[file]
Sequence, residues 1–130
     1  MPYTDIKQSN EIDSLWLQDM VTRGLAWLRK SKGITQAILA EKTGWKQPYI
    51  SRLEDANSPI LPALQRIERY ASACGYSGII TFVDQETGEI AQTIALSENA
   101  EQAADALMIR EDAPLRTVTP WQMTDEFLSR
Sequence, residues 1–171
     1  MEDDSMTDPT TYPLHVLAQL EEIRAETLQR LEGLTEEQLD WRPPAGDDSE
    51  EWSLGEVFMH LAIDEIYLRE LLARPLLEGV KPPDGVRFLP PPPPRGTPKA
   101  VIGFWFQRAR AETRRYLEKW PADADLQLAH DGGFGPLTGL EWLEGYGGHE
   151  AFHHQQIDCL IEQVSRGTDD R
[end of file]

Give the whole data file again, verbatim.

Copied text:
Sequence, residues 1–130
     1  MPYTDIKQSN EIDSLWLQDM VTRGLAWLRK SKGITQAILA EKTGWKQPYI
    51  SRLEDANSPI LPALQRIERY ASACGYSGII TFVDQETGEI AQTIALSENA
   101  EQAADALMIR EDAPLRTVTP WQMTDEFLSR
Sequence, residues 1–171
     1  MEDDSMTDPT TYPLHVLAQL EEIRAETLQR LEGLTEEQLD WRPPAGDDSE
    51  EWSLGEVFMH LAIDEIYLRE LLARPLLEGV KPPDGVRFLP PPPPRGTPKA
   101  VIGFWFQRAR AETRRYLEKW PADADLQLAH DGGFGPLTGL EWLEGYGGHE
   151  AFHHQQIDCL IEQVSRGTDD R